If you own a car that was built after 1996 and you do any kind of work on it, either to save money or just because you enjoy getting your hands dirty, then an Obd ii scanner can be a valuable addition to your toolbox.
However, that doesn’t mean that every backyard mechanic should head out and drop $20,000 on a high end scan tool from Snap-on or Mac.
Do-it-yourself mechanics have a lot of less expensive options to explore, so you’ll want to check them out before you make a purchase. For instance, a lot of parts stores will actually check your codes for free, and you can find a lot of diagnostic information for free on the Internet. In a lot of cases, that might be all you need Car Diagnostic Tools.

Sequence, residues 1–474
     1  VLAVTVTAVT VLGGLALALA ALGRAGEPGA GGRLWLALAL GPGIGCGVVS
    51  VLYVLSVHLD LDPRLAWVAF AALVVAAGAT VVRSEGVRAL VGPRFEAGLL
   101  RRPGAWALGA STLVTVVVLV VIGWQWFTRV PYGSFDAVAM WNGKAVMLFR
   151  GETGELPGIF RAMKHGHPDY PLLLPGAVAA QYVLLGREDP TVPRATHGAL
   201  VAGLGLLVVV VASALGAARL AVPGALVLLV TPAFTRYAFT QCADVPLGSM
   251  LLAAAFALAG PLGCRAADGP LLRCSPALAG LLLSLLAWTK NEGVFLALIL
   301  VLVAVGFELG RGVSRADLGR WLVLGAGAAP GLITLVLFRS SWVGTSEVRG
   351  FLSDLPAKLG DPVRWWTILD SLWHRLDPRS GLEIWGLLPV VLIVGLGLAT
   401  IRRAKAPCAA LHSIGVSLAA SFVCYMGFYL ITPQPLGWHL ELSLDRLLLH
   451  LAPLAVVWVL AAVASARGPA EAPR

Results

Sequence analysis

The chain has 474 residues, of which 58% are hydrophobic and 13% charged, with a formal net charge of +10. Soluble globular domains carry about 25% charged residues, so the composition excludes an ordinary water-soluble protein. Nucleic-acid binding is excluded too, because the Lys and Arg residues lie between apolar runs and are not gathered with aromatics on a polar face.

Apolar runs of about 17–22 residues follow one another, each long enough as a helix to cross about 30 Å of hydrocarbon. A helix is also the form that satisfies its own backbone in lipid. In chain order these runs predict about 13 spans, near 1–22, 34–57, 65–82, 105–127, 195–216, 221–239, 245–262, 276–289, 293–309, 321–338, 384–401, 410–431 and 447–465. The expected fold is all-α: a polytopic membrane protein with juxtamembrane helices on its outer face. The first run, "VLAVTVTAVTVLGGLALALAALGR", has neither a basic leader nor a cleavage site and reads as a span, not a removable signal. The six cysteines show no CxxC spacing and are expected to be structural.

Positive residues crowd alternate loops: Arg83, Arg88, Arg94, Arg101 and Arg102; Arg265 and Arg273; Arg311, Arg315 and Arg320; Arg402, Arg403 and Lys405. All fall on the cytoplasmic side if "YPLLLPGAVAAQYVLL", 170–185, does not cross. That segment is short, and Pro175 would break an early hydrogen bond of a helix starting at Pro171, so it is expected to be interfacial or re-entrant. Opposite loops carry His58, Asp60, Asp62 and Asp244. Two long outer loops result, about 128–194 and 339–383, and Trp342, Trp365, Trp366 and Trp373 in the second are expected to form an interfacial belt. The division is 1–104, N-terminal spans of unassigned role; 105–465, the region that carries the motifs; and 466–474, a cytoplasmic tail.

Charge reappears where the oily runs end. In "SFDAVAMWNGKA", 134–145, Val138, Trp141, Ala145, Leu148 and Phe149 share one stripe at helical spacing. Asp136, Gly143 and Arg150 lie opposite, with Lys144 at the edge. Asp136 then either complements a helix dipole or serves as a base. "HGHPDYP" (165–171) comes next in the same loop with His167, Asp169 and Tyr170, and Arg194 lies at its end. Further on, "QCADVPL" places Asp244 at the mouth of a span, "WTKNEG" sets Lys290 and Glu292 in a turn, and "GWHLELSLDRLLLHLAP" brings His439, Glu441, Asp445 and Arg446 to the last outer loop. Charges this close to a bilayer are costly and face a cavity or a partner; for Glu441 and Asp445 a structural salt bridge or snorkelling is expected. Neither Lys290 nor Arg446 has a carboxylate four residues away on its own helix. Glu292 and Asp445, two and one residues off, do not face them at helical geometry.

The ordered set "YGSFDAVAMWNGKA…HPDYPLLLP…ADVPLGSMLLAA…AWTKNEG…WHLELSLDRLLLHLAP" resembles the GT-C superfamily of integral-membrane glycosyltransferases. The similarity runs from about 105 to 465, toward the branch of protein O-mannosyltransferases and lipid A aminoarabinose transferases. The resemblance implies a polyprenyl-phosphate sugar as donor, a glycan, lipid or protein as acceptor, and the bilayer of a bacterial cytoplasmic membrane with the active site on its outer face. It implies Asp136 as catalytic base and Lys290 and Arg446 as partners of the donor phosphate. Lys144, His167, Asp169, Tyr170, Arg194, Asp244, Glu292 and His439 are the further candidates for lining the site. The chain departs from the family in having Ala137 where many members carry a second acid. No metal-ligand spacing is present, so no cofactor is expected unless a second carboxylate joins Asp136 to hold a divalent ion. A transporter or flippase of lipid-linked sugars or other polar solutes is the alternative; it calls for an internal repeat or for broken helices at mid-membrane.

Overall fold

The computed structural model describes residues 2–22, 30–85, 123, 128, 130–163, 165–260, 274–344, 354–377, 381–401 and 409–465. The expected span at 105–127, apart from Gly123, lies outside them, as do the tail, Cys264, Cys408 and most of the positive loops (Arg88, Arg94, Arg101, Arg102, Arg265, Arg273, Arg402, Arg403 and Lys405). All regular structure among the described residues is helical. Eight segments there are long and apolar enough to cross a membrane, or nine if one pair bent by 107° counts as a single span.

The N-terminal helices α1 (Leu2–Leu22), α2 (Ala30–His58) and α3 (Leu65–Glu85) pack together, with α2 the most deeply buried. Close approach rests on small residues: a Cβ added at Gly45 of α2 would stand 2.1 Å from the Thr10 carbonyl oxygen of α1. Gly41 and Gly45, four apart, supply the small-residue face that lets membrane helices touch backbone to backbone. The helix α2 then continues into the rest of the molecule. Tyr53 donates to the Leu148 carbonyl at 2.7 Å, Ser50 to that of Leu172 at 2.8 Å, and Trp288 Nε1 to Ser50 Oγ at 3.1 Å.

If you want a little more flexibility, there are a number of cheap scan tool options you can check out. Dedicated code readers that also provide access to PIDs are one option to look at, and you can often find a decent one for under $100. Another option, particularly if you have a decent Android smartphone, is an ELM 327 Bluetooth scanner, which is a cheaper path to essentially the same functionality.